'Hunger hormone' may treat severe peripheral artery disease
A new study by a team of researchers from New Zealand's University of Otago and Japan suggests that the appetite-regulating hormone ghrelin could be used clinically for the early treatment of critical limb ischemia (CLI), an advanced form of peripheral artery disease.
CLI is the severe obstruction of blood flow to the extremities that often requires major amputations and in half of all cases leads to death within five years. It is characterised by pain at rest, non-healing ulcers, and gangrene. Its leading risk factors are diabetes, obesity and age.
Using a mouse model of CLI, Otago Department of Physiology researchers Dr Rajesh Katare, Dr Daryl Schwenke and colleagues showed that administering ghrelin daily over two weeks markedly improved blood flow in affected limbs.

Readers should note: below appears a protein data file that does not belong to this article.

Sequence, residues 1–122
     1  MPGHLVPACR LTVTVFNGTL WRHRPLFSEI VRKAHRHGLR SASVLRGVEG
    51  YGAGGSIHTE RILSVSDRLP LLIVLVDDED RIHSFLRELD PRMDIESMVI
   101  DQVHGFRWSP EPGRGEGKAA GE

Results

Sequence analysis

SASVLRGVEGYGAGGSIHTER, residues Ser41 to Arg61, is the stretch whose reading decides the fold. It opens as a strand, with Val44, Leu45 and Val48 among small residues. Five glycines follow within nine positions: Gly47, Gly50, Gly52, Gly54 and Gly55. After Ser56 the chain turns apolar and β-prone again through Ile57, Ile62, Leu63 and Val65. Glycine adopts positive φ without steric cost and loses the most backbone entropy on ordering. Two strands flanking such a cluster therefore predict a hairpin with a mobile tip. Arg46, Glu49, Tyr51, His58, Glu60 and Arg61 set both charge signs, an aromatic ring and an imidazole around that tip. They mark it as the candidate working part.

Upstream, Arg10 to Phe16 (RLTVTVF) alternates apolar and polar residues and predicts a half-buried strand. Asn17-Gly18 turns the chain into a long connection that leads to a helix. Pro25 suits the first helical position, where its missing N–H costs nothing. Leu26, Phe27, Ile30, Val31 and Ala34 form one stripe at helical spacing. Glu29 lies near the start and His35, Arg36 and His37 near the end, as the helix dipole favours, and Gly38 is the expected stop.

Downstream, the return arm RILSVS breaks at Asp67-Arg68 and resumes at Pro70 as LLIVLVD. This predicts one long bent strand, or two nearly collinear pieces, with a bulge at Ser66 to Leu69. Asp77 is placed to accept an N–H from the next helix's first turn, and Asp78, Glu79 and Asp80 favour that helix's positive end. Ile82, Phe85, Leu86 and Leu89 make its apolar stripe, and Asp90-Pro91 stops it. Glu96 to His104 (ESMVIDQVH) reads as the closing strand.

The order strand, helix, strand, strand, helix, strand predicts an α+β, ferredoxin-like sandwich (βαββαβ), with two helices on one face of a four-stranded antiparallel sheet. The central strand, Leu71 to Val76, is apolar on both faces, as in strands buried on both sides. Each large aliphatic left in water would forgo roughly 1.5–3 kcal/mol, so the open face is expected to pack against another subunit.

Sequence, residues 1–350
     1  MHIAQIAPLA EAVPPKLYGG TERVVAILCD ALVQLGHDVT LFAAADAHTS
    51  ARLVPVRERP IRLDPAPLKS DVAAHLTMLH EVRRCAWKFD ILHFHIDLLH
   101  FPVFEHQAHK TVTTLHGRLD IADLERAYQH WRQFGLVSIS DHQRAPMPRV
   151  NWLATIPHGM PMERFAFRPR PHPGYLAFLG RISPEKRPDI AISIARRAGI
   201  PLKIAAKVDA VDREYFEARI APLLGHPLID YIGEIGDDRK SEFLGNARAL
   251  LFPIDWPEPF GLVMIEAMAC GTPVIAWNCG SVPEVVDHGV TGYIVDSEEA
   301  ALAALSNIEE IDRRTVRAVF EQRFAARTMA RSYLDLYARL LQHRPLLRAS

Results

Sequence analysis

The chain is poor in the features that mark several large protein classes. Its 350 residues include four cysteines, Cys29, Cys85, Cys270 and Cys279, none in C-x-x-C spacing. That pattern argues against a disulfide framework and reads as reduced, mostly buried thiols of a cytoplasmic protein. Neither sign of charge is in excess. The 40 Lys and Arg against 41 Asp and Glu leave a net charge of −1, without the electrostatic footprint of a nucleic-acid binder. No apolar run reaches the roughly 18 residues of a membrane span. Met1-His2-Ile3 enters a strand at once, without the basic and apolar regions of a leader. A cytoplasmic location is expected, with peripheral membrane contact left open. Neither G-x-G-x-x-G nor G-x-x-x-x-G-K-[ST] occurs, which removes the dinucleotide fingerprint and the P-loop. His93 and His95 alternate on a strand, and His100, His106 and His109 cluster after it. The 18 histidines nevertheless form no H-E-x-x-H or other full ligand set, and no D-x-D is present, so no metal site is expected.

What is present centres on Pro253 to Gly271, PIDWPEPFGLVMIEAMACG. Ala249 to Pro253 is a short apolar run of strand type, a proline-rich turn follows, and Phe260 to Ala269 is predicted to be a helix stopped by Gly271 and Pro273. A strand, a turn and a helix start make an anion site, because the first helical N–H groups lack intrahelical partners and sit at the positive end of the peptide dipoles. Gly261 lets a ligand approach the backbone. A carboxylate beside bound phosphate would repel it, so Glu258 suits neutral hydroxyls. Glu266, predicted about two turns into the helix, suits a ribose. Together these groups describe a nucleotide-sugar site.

They found that ghrelin promoted growth of new structurally and functionally normal blood vessels, improved cell survival, and decreased tissue fibrosis.
Their research is newly published in the international journal Endocrinology.
Dr Katare says the findings are exciting as currently there are no drugs treatments for CLI and other techniques are effective in only half of the cases.
"Our team has previously shown that ghrelin showed promise for treating the presently incurable lung disease known as pulmonary hypertension, which is caused by blood vessels becoming progressively blocked.
"This prompted us to investigate whether ghrelin might have a similar effect in CLI."
The researchers also studied ghrelin's action at the molecular level in tissue with restricted blood supply and identified that the hormone modulated downstream signalling cascades involved in new blood vessel growth and cell survival.
"Our results provide a platform for future studies to look at the long-term potential of ghrelin to see if it could indeed become a standard treatment for CLI," Dr Katare says.